Pritisha Borthakur, 26, co-founder of Twisted Foods and a writer and promoter of Assamese cuisine shares with us her life’s journey so far.
Q.Please introduce yourself
Born and brought up in Nagaon, Assam, I have always wanted to be a writer. My mother said, I started writing letters to my grandfather at the age of 5, and poems at the age of 7. Unlike most traditional parents who want their kids to engineers and doctors, my mother encouraged me to take my passion further. I remember how she, who herself is a fine writer, would post my poems and short stories to the media houses to get them published. However, it wasn’t a sweet start; my writings were rejected, people made fun of me, and few even told me to never dream about writing. But my mother was always there for me. She taught me to cope with life, failure and rejection, and yet stay true to my dream. And at the age of 10, while I was studying at Christ Jyoti School, my first poem got published in an Assamese newspaper. Since then, there has been no looking back.
I, like many of you, too have dreamt of studying in Delhi University. So, post my 12th from B.Barooah College in Guwahati, I shifted to Delhi. My percentage wasn’t great but I being a national level table tennis player got through Gargi College in English literature. I had severe MTI (mother tongue influence) then, and even now. I still fail to gather confidence to speak out, and that is the reason I started writing more actively. And with that courage, I came out with 2 poetry books published by Krantikal Publishers.
Post my graduation, I did PG – Journalism in print media which help me get into The Pioneer Media group. However, it was not my first experience writing for a media house. During my college days, I started working for a lifestyle magazine called The Expressions, as Features Writer. My father, who I was very close to, fell ill during the start of my career and eventually passed away. I had to leave my job and stay at home in Assam for a long time.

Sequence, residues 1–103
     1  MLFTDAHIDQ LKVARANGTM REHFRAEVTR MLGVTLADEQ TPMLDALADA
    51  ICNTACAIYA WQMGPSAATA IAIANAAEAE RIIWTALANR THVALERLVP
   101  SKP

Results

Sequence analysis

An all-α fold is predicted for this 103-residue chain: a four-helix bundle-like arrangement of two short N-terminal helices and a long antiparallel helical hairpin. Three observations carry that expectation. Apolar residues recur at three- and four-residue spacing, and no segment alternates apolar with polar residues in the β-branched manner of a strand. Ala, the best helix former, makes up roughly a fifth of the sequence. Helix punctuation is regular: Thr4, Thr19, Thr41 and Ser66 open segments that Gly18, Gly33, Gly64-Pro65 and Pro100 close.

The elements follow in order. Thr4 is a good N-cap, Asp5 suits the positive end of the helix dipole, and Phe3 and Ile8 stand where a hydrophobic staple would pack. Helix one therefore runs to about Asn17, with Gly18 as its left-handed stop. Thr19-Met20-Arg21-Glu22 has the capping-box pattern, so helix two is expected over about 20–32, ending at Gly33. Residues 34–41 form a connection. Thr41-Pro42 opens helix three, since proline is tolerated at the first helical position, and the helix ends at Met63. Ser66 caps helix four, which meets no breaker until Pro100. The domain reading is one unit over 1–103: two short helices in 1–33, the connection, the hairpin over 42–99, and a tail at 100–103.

However, God helped me to overcome the phase. I joined Fairfest Media post my return to Delhi, and since then have worked with reputed organisations such as The Times of India, Fairfest Media, Iris Meida [Ministry of New & Renewable Energy, Ministry of Earth Sciences, New Delhi Municipal Council], Mindworks [Gulf News], etc. Now, I head the content & strategy team at a startup called GoYaNo, while simultaneously working on my own startup called Twisted Foods, co- founded by my childhood friends. We, at Twisted Foods, promote Assamese cuisine and host pop-ups at our home. Being a food writer, I have always been actively promoting regional cuisine, especially Assamese food through my writings. My current work is a recipe book on Assamese cuisine. I also have curated an Assamese menu at Tamasha restaurant in Connaught Place, which will be available on April 7.
Q.When did you think about this startup?
The whole idea behind starting this concept is the craving we’ve seen in people for simple yet tasty meals cooked at home. Thousands of people are staying miles away from home — be it for studies, career etc. Delhi does have hotels and restaurants serving authentic cuisines, but can it beat the feel of savouring a meal at home? We offer that warmth that a restaurant lacks, plus our meals are very reasonably priced. Just imagine, sit on the floor with ten other like-minded people, make new friends, and spread the joy of sharing meals. Also, we believe by hosting events we can create awareness among other people (non-north easterns) about the rich culinary culture of the state. Apart from doing the traditional Assamese meals [read Masor Tenga, Jaluk diya Mangso, Kukura di Haah, Omitar Khar etc.], we also serve Assamese-Muslim cuisine too [read Murgh-E-Kush, Murgh White Korma, Pulao etc.]!